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Restrictive bill targeting Planned Parenthood passes, without help from Alaska senator

(KTUU)
Published: Mar. 30, 2017 at 3:45 PM AKDT
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With a successful vote on Thursday, the Senate paved the way for states to individually decide whether to withhold federal funding to health care organizations that also perform abortions.

In a split decision, 50 Republican senators voted for the bill, while 48 Democrats and two Republicans voted against it. The 50-50 vote resulted in Vice President Mike Pence casting the tie breaking ballot to advance the measure to the president’s desk.

Sen. Susan Collins of Maine and Sen. Lisa Murkowski of Alaska were the only Republicans to vote against the bill.

"This vote is consistent with the Senator's long-held belief that men and women should have access to the family planning and reproductive health services they need, including cancer tests and health screenings. Senator Murkowski believes further limiting access to healthcare services is not the direction we should be moving," wrote Sen. Murkowski’s spokesperson Karina Petersen.

The regulation, enacted under the Obama administration, prevented states from discriminating against programs, like Planned Parenthood, when distributing Title X planning grants to community health centers, according to NBC News. At least a dozen state legislatures have previously tried to block funding to these programs.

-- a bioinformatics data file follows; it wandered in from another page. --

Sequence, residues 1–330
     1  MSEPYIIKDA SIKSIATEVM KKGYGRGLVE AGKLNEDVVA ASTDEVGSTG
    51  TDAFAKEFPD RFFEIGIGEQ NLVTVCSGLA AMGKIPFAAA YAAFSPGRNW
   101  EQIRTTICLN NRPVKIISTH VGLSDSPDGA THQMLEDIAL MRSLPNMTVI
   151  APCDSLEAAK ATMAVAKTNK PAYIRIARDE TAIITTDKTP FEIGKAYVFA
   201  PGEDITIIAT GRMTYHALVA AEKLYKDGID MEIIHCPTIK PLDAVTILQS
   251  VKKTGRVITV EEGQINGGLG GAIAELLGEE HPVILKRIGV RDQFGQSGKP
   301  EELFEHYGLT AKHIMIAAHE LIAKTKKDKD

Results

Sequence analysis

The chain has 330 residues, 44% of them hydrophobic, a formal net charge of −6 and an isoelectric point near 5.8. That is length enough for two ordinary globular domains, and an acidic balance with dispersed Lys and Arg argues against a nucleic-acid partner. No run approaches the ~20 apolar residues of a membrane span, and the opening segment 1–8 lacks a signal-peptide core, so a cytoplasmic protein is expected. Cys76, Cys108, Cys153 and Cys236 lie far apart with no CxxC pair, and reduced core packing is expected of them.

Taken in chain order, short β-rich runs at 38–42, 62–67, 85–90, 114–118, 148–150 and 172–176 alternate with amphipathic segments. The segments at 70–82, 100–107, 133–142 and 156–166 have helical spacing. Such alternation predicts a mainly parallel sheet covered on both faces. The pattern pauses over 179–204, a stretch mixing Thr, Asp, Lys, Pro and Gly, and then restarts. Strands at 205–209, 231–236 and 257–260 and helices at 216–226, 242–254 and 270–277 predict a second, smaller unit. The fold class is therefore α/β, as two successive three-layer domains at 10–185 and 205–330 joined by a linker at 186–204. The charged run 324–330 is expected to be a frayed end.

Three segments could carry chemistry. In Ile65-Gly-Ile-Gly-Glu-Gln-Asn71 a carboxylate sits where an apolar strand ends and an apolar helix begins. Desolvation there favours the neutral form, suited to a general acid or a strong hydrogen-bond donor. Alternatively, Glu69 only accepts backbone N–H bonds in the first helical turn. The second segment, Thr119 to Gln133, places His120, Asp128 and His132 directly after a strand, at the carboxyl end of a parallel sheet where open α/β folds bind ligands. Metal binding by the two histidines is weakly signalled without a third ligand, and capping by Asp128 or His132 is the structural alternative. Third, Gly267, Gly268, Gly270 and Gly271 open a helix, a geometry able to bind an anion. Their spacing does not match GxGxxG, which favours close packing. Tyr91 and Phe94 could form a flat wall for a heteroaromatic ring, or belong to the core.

In accordance to current law, none of the Title X grants were ever legally allowed to be used to directly pay for abortion services, and funding could only be spent on other women’s health care services.

In a statement to NBC News, the congresswoman, who originally introduced the bill, referred to it as a matter of state’s rights.

“The Obama rule tried to force states - including Tennessee - to send taxpayer money to abortion providers, like Planned Parenthood, instead of community health centers and other qualified health providers," said Republican Rep. Diane Black from Tennessee. "Title X has worked for 45 years, until the Obama Administration changed the rules, and this legislation will simply undo this ill-conceived change."